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When you buy a new bike at full RRP from, you can now benefit from the added reassurance of our Rutland 30-day test ride. Once your new bike arrives, you can ride it as your own for 30 days, and we're confident you'll love it! However, if it's not right for you, we'll exchange it for another model. (There's a nominal charge of £10 for us to collect your bike - just make sure you keep the box your bike arrived in.)

On which bikes is the 30-day test ride available?
The Rutland 30-day test ride is available on all full price, non-discounted bikes available for home delivery on It is not available on discounted or special offer bikes, click and collect bikes, bikes bought on finance, bikes bought through Cyclescheme, or bikes bought in store. This offer is only available on bikes delivered to mainland UK addresses.

How does the test ride work?
Your 30-day test ride starts from the date your bike is delivered. You must notify us by email within 30 calendar days of delivery that you intend to return the bike within this scheme. This offer applies to all bikes purchased on or after 14th August 2014. To ensure you remain eligible, we would ask that you adopt a 'fair usage' attitude during the test ride period, and make sure there is no damage to the bike outside of the minimal wear you would expect from a bike ridden for 30 days or a few rides. Please note that any damage to the bike, including damage from incorrect assembly, will invalidate the test ride.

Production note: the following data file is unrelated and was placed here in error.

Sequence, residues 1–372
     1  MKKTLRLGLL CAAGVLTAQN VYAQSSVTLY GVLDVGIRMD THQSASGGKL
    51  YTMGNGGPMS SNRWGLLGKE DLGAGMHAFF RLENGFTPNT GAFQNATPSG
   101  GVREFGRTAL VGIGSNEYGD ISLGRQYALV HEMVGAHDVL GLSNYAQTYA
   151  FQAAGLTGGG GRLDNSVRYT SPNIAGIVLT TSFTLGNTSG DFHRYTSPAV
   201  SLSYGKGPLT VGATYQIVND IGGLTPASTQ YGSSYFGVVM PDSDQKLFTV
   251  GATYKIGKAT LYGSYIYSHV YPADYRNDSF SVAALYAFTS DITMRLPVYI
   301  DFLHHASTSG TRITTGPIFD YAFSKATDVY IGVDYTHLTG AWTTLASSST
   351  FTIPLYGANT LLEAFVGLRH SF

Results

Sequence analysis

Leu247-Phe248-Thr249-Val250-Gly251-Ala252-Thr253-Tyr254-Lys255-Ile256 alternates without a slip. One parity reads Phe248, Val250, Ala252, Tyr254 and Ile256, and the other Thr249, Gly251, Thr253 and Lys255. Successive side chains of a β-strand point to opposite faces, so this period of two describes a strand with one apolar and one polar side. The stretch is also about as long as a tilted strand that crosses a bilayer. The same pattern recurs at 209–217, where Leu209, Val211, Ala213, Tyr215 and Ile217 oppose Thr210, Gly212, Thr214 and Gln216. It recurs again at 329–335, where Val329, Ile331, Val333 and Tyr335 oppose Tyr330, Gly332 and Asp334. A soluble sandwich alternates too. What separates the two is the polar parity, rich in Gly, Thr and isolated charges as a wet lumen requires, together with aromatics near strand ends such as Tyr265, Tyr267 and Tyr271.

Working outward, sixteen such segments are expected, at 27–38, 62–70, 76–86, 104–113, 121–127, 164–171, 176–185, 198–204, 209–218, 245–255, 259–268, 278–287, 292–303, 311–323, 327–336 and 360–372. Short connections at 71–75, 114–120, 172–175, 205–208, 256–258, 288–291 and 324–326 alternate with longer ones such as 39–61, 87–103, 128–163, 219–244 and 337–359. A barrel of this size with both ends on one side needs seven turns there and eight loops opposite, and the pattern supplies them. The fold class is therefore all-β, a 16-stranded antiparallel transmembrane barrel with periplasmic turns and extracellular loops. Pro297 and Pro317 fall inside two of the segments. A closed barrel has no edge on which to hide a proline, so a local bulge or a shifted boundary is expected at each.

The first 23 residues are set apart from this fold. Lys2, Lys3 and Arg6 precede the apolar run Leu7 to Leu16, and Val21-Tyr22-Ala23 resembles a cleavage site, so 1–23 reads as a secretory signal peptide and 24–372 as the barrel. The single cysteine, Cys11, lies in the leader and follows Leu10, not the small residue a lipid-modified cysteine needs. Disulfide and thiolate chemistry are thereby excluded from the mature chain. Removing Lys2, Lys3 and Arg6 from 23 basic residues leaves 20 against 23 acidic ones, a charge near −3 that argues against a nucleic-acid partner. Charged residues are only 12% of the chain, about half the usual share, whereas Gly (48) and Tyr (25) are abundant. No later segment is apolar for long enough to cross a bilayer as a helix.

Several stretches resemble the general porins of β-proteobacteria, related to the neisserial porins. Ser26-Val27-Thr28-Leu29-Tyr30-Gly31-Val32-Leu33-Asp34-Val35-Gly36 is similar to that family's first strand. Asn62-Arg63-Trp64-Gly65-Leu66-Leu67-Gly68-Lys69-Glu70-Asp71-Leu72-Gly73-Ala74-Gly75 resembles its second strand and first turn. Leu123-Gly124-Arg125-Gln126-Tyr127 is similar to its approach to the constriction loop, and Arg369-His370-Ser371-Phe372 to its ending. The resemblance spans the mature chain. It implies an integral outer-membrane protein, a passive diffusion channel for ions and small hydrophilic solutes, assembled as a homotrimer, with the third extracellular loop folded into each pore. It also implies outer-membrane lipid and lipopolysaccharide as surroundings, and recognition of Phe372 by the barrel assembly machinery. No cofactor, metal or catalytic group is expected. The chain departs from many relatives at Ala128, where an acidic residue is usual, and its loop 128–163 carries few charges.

How many times can I use the 30-day test ride?
We will allow up to two exchanges within this scheme.

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Shimano Dura-Ace Di2 electronic groupset – product review

   Words by Adam

   on 29/08/2013 19:11:00

Live fast, Di2 young - the Shimano Dura-Ace Di2 electronic groupset

♥♥♥♥ 4/5

Here is a list of things you can do with £2500.

  1. Go on an awesome holiday
  2. Buy a decent used car
  3. Treat your lady / man
  4. Treat someone else’s lady / man
  5. Buy a nicely spec’d bicycle
  6. Buy a Shimano Dura-Ace Di2 electronic groupset

If you’re scared of flying, already have a nice car, are single or have a healthy set of morals there is a strong chance that you plumped for

The Trek Madone 4.9

the last two items on the list. I’m with you. Until Teasmade make something that not only wakes you up in the morning with a fresh brew, but a bacon sandwich as well. I wouldn’t have thought too long about choosing between a shiny new bike or just a groupset. Looking at a Trek Madone 4.9 right now I get a Dura-Ace front and rear mech and Chainset on an OCLV frame for a smudge over the £2500 price point.

And who needs electronic shifting anyway? It’s heavier, has a slower shift and what if the battery runs out? It’s good ol’ cables for me and always will be. Electronics never got Merckx to the finishing line, did it? No. Did the Mavic electronic shift sytem go well? No. I always ride cables. There’s no skill in setting  up an electronic groupset either. The satisfaction in setting up a mech so it ticks perfectly when you ride it isn’t really there. Its like choosing a Casio digital watch over a mechanical timepiece. Sure, the Casio is better for keeping time but all those cogs and springs correctly tensioned and working together is a beautiful thing.  Electronic shifting is for the Bourgeois golfers who decided to take up cycling.